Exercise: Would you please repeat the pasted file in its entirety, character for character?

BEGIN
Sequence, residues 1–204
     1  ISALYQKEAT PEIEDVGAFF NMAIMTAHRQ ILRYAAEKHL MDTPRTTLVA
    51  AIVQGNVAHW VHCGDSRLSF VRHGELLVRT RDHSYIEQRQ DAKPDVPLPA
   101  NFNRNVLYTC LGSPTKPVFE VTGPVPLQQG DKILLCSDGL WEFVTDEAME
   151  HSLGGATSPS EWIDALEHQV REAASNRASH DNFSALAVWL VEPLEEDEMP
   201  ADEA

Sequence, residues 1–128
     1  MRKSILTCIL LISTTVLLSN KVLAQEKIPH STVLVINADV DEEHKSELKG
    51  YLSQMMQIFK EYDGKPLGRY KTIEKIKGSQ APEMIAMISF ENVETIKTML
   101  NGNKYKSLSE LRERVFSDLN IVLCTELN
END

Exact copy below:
Sequence, residues 1–204
     1  ISALYQKEAT PEIEDVGAFF NMAIMTAHRQ ILRYAAEKHL MDTPRTTLVA
    51  AIVQGNVAHW VHCGDSRLSF VRHGELLVRT RDHSYIEQRQ DAKPDVPLPA
   101  NFNRNVLYTC LGSPTKPVFE VTGPVPLQQG DKILLCSDGL WEFVTDEAME
   151  HSLGGATSPS EWIDALEHQV REAASNRASH DNFSALAVWL VEPLEEDEMP
   201  ADEA

Sequence, residues 1–128
     1  MRKSILTCIL LISTTVLLSN KVLAQEKIPH STVLVINADV DEEHKSELKG
    51  YLSQMMQIFK EYDGKPLGRY KTIEKIKGSQ APEMIAMISF ENVETIKTML
   101  NGNKYKSLSE LRERVFSDLN IVLCTELN